And so we find ourselves in a world where one successful Miu Miu collection can lead to a full-fledged renaissance of those ultra-micro-miniskirts you might remember from your high school days, with a generational difference. key: the approach of Generation Y. these fashion moments of comforting nostalgia – “It’s a bit like a big hug, talking about the Backstreet Boys and Y2K and things like that”, explains Napoli – where the generation Z has just enough distance to romanticize the era. (Imagine telling your younger self that your flared dance pants would one day deserve such reverence.)

Yes, Nostalgia East Move faster than ever

And if it seems like this nostalgia-driven cycle is moving faster than ever now, that’s because it is. Once again, technology is responsible for completely upending the generational order. Before, it made sense for the generations to be spaced about 15 years apart; baby boomers had a completely different childhood than Gen Xers, who themselves lived in a different world than millennials. But even by the end of Millennials, things had changed just enough to necessitate a new term for those born within three years of the Millennial/Gen Z split (which would cover between 1993 and 1998, if you are curious): Zilléniaux. With the rate at which our current technology is developing, this will only crumble further.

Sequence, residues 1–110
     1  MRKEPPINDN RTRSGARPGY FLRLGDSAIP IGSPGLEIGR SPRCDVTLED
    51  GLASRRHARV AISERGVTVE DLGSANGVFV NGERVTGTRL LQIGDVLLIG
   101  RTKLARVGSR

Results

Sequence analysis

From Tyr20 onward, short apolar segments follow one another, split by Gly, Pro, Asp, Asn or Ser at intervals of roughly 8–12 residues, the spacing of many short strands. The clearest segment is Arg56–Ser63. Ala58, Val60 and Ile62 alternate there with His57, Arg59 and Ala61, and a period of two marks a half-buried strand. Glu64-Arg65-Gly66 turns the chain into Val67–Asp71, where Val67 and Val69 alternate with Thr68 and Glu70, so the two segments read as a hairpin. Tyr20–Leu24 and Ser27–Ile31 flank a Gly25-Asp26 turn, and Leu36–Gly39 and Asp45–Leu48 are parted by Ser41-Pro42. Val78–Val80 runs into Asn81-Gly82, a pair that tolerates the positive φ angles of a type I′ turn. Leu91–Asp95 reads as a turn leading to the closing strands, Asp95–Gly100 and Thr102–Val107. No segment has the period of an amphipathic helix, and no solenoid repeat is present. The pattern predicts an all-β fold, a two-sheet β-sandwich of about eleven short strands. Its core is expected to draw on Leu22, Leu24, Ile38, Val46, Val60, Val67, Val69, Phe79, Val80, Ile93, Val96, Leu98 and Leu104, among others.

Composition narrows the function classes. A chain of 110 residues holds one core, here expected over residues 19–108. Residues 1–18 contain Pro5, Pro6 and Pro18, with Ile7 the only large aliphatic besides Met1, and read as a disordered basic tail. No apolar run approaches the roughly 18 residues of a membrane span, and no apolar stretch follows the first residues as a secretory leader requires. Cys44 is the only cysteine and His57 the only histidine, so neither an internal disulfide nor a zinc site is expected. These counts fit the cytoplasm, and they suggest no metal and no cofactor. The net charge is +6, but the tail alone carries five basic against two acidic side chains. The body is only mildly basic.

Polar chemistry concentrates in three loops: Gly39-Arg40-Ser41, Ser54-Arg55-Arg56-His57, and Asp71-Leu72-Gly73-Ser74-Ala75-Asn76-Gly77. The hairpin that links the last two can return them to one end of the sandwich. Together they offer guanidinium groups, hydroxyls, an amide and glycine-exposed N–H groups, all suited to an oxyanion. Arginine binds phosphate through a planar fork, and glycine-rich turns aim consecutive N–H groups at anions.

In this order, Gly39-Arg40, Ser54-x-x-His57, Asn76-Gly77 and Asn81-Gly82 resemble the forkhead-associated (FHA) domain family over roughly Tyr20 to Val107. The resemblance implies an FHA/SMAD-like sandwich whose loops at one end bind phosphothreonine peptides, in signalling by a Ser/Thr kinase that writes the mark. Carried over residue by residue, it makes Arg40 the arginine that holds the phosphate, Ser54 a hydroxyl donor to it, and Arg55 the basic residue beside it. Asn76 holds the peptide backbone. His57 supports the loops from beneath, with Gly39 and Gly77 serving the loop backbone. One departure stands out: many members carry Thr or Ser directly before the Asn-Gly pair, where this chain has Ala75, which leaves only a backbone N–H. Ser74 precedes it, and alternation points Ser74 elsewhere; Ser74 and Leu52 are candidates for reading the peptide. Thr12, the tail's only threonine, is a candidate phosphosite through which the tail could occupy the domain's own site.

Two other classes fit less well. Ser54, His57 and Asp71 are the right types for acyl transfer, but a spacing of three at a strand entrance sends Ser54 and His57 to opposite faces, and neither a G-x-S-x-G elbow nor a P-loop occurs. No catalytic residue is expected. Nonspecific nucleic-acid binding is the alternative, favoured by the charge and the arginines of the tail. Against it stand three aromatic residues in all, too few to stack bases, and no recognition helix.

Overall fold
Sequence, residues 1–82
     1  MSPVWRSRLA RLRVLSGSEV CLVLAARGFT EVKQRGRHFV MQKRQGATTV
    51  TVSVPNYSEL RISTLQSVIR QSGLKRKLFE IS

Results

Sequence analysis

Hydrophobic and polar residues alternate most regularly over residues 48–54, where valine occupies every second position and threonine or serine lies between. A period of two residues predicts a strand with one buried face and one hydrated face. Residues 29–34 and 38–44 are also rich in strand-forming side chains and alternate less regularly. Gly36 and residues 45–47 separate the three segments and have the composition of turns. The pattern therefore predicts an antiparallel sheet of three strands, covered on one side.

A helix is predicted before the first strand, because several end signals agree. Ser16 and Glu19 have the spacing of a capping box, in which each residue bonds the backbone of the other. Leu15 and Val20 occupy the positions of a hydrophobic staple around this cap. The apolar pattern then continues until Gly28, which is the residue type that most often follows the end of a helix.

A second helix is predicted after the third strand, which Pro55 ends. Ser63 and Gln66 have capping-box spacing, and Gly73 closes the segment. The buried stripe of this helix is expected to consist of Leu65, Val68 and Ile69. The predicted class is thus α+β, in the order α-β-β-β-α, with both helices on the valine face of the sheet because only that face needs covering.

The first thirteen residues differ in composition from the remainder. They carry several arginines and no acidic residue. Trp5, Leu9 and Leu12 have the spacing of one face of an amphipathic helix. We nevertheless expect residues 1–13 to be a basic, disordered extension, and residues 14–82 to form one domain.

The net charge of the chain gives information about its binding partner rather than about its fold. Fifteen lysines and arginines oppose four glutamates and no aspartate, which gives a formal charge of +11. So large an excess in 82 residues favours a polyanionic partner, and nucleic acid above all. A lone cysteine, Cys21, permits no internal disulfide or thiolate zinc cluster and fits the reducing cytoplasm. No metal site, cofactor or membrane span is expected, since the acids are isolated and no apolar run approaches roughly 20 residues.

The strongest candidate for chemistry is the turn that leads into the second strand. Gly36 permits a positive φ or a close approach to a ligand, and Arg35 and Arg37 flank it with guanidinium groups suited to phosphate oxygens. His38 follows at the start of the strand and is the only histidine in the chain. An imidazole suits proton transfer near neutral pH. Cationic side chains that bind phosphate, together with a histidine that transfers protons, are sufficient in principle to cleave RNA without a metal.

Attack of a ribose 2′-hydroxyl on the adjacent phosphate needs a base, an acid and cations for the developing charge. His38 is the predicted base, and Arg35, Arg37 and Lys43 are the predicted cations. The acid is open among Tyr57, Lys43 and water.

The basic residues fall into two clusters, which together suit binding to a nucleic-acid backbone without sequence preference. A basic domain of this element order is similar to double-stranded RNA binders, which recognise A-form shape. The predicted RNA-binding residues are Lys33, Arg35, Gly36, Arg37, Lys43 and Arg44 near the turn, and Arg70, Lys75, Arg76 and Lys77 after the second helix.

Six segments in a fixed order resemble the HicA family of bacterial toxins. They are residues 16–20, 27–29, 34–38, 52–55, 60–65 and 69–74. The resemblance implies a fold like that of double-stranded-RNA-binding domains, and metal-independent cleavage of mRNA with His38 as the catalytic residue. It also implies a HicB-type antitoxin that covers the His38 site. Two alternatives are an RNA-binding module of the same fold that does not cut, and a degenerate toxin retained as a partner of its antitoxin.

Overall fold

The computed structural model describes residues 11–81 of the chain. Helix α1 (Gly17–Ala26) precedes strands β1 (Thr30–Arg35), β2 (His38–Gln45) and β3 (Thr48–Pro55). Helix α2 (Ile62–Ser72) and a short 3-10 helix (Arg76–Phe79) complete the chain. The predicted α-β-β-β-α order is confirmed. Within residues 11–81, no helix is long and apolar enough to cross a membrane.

“The marginal generation becomes more important because our relationship to technology is so different; it didn’t accelerate that quickly back then, and so someone born at the beginning and the end of the generation shared some commonalities,” Napoli says. “But if you look today, the technology that exists for late Gen Z versus early Gen Z, it’s so different and their experiences as adults are going to be very different, because at the time where the youngest Gen Z reach adulthood, the Metaverse could be here.